Its profit last year was Rs 85 lakh. The unit’s production dipped from Rs 59.01 crore in the previous fiscal to Rs 44.31 crore in the financial year ended this March.
While the production of computer numerical cutting machines (CNC) worth Rs 24 crore for various clients was completed, some observations made by...
clients on the inspection of the machines could not be addressed before the financial year ended. Thus they remained unsold technically, a media report quoting an official said.
The unit could only complete one of the three sonar directing gears ordered for naval ships. In fact, the order for the manufacture of directing gear in collaboration with the Naval Physical and Oceanographic Laboratory and Bharat Electronics was instrumental in the unit looking up in the past years.
A skilled and experienced workforce and modern infrastructure are needed to pull the company out of the trough, but even those retiring from service are not being replaced.
The Kalamassery unit now has just 204 employees on its rolls as against 235 last year. Even some departments are facing the prospect of closure following loss of human resources. The plant at the print machinery division, once a prestigious wing of HMT, has not been functioning since 2016.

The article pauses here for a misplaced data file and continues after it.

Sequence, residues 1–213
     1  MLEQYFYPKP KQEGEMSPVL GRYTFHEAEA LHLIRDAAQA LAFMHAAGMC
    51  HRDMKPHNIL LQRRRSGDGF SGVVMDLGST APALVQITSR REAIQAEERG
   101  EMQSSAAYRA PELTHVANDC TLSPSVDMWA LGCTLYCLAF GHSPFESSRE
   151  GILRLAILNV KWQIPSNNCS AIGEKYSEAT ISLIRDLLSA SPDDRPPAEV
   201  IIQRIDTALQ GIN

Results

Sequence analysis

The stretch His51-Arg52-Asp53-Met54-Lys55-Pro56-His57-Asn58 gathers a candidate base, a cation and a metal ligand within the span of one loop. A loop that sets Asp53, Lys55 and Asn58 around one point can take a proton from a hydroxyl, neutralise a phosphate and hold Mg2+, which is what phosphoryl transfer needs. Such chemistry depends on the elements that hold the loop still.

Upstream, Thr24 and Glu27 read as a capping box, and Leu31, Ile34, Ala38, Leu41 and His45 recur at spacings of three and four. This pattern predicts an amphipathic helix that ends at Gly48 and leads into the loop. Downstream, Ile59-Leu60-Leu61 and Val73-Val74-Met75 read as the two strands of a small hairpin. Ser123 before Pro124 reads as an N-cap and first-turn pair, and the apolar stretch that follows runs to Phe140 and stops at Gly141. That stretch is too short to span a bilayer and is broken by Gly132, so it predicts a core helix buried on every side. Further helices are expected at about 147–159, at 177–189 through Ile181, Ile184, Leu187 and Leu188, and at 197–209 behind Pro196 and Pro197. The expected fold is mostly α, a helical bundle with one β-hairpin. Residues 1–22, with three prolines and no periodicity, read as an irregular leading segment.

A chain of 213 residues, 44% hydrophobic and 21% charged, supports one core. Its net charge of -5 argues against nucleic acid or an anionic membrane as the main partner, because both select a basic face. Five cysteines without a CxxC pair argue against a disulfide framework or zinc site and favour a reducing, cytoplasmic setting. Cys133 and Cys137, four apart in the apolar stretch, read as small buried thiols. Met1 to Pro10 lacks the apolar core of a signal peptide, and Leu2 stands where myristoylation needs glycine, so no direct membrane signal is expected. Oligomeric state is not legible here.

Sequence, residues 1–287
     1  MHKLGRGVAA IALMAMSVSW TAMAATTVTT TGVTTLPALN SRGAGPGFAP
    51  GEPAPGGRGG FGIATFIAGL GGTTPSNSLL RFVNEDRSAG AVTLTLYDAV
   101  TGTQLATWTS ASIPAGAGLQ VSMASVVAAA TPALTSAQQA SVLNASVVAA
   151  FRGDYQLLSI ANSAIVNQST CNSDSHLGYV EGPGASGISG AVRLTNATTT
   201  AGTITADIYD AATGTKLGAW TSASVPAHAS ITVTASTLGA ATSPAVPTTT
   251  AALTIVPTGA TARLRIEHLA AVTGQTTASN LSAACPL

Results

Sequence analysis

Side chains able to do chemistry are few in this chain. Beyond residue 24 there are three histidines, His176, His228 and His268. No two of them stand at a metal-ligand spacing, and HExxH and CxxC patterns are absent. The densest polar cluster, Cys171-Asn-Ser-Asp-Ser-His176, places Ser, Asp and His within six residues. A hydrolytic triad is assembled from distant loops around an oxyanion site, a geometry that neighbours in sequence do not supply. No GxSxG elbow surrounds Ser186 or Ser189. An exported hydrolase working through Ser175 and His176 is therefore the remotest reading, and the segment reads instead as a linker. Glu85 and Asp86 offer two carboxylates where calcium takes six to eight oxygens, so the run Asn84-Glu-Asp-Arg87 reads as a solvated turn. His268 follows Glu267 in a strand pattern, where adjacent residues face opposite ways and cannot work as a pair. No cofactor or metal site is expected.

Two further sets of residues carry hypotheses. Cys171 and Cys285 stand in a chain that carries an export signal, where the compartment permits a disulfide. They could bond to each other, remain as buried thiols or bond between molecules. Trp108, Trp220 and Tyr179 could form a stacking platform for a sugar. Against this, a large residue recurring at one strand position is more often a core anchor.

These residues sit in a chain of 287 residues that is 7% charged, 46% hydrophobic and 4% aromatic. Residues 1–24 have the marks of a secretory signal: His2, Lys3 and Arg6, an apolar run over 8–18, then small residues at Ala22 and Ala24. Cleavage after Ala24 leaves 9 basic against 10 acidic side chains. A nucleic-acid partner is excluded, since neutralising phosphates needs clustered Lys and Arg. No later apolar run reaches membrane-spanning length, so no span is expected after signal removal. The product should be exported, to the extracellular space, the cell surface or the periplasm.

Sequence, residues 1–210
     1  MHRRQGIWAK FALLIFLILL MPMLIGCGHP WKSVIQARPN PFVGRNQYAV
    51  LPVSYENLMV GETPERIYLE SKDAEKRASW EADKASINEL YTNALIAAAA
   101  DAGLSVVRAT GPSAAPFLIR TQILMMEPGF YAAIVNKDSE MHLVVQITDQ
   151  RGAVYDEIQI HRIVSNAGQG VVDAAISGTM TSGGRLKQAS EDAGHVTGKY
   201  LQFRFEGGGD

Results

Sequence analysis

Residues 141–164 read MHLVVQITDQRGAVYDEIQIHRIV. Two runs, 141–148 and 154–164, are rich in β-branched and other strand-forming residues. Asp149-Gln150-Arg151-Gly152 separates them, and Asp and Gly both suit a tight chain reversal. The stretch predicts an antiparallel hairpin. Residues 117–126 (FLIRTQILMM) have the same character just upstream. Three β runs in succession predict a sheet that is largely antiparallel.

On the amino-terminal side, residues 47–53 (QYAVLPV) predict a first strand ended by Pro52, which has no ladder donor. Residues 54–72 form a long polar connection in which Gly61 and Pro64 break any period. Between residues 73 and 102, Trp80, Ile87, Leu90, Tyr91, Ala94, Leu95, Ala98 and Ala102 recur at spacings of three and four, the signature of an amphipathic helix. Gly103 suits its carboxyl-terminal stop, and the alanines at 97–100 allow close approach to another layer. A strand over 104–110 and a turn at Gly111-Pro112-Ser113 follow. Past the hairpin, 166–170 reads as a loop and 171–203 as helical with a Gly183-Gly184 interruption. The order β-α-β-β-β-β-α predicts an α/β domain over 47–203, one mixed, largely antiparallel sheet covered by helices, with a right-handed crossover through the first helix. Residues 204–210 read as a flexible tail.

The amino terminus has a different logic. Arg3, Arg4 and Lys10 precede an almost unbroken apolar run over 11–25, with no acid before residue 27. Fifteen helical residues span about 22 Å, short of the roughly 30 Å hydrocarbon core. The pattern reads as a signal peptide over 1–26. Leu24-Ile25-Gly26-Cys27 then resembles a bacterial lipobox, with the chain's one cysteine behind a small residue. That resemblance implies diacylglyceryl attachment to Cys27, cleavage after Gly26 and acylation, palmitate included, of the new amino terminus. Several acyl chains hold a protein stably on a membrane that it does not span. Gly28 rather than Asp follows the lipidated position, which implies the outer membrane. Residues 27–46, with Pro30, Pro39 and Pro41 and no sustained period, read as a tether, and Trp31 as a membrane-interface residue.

Meanwhile, the ‘Make in India’ initiative along with maladministration and drain in skilled manpower is responsible for the HMT Machine Tools plunging into huge losses, the HMT Employees Union affiliated to the Centre of Indian Trade Unions (CITU) has maintained.
CITU national secretary K. Chandran Pillai told a national daily that the ‘Make in India’ programme was used as a ruse to deny the HMT of its rightful contracts.
He said while HMT was to receive a contract worth Rs 16 crore from the Ordnance Factories following a tender in 2016, it was not awarded. Worse, it wasn’t allowed to take part in a fresh tender for the same equipment, the Shell Turn machines, in 2017 purportedly to favour the private sector, he alleged. C.M. Bidar, general manager of the Kalamassery unit, said the Ordnance Factories of Kanpur and Ambajhari together needed 14 such equipment, each worth Rs 3.5 crore to Rs 4 crore. The tender for the same was issued a few times and only HMT, which had been making such machines, responded.
Pillai said while the domestic market has a demand for machine tools worth Rs 11,600 crore, all six machine tools units of HMT could only make products worth Rs 172 crore, less than 2% of the demand, in 2017-18. He blamed the Centre’s policies, mismanagement of HMT and the company’s eroding manpower – human resources augmentation has not been happening for quite some time now – for this.